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How ‘secure’ are the secured loans?
While the big defaulters are the major causes of banks’ sickness, recoveries in small suits could be slowly denting their profitability as it is a long drawn process. Lending may be easier, but not recoveries.

Before banks emerged in India, money-lenders who dominated lending business, primarily looked to snaffle the fixed assets offered as security by the borrower. The situation has changed substantially in recent years. Now, recovery of defaulted loans is a major problem for the banks.

Bankers appear satisfied at the time of lending if adequate assets are pledged. Problem arises only when timely repayments are not received continuously for a period of time making secured loans non-performing assets. Recovering dues from sale of pledged assets becomes a practical difficulty.

The volume of ‘stressed assets’ and the legal expenses to recover dues are growing. Asset reconstructing corporations have made little progress on the recovery front.

 

Spate of auction notices...

During the last few weeks, many banks have been issuing auction notices to the defaulters, in local newspapers. A casual reading of these auction notices issued in Mangaluru during the last six weeks, provides a glimpse of the inherent difficulties in recovering the dues of small, suit-filed accounts. Most of them relate to the rural branches. Notices from 32 branches of seven banks were published during this period. The total number of suit-filed accounts were 79 and the amount to be recovered was Rs.53.14 crore.

Two public sector banks released numerous auction notices on the same day, in the same newspaper. All notices were in Kannada, except in two cases: where the amount involved was large, the notices were published both in Kannada and English, either in a single newspaper or in two newspapers. On a single day, (21 November 2017) there were eight auction notices published in one of the local Kannada dailies, Udayavani.

 

Securities offered:

The amount to be recovered mostly ranged between a lakh of rupees to Rs. ten lakh. The securities offered were invariably lands in rural areas ranging from 5 cents to 30 cents, with residential houses built on some of these. In some cases, though loans were obtained from rural branches, the security offered included residential flats located in cities.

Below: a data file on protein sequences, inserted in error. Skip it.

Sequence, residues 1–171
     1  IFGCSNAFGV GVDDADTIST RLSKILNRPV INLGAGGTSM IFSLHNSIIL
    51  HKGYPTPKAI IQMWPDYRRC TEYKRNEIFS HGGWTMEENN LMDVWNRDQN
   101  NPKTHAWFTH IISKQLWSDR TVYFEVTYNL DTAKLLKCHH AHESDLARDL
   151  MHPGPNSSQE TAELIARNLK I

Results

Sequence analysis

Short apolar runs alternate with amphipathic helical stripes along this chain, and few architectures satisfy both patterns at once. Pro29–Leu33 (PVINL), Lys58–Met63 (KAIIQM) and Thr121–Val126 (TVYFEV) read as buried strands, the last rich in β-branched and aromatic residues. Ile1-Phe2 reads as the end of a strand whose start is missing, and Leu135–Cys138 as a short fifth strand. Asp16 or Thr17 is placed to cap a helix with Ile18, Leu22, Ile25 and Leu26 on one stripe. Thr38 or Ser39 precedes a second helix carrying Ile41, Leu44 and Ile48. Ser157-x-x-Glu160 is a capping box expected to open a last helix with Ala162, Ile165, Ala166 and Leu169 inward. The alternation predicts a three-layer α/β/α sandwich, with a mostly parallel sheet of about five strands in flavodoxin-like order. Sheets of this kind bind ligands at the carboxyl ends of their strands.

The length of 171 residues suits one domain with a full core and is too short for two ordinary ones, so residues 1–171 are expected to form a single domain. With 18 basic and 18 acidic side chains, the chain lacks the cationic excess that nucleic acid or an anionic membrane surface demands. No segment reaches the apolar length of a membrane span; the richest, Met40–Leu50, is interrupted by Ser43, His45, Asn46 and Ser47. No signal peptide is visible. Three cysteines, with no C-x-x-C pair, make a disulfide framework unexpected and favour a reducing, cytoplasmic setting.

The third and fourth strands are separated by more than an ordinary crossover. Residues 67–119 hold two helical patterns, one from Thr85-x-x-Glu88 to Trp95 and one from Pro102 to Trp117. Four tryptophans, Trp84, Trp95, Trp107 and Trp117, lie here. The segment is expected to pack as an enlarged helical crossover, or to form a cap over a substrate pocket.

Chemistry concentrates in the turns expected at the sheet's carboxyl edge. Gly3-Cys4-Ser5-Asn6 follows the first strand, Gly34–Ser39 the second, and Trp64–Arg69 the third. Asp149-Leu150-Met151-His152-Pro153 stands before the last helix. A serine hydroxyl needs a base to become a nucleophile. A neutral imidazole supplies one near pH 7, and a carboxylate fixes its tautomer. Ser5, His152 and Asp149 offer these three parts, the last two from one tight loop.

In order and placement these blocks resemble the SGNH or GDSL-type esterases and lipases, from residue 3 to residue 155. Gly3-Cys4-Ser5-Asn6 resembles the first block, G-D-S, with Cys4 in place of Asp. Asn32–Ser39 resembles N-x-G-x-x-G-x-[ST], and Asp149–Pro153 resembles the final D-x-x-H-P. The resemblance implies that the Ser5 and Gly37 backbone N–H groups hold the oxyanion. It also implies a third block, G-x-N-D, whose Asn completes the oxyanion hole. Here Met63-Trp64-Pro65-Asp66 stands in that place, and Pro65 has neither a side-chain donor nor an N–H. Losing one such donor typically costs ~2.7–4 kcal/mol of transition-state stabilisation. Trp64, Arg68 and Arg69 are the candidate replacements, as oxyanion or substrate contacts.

The number of suit-filed accounts relating to gold loans did not appear to be very large. Among the seven banks studied, only one bank had 12 suit-filed cases involving four rural branches. The amount involved is Rs.1.08 crore. Interestingly a small cooperative bank has taken a full page in Udyavani to publish the auction notices of over 150 gold loans in its three branches. They are small, mostly lesser than Rs 5 lakh each. One inherent risk in gold loans is that of fake gold ornaments being pledged with the connivance of the jewel appraiser appointed by bank branches. Though such instances are not found during the study, they are not rare.

Suit-filed accounts in vehicle loans were not many. One bank has published a list of 15 vehicles to be auctioned. These vehicles were 2015 models indicating that within two years of lending, these loans had become NPAs. Demand for used-cars in small towns, helps recoveries to some extent.

 

Likely impact on recoveries

These observations offer a glimpse of the problems involved in recoveries. If ten or fifteen small parcels of land are to be auctioned simultaneously in a village, will there be enough bidders? Local people may not be interested in acquiring them. If this is the situation in one rural branch, what would be the fate of the numerous recovery cases in hundreds of rural branches across the country? While the big defaulters are the major causes of banks’ sickness, recoveries in small suits could be slowly denting their profitability as it is a long drawn process. Lending may be easier, but not recoveries. 

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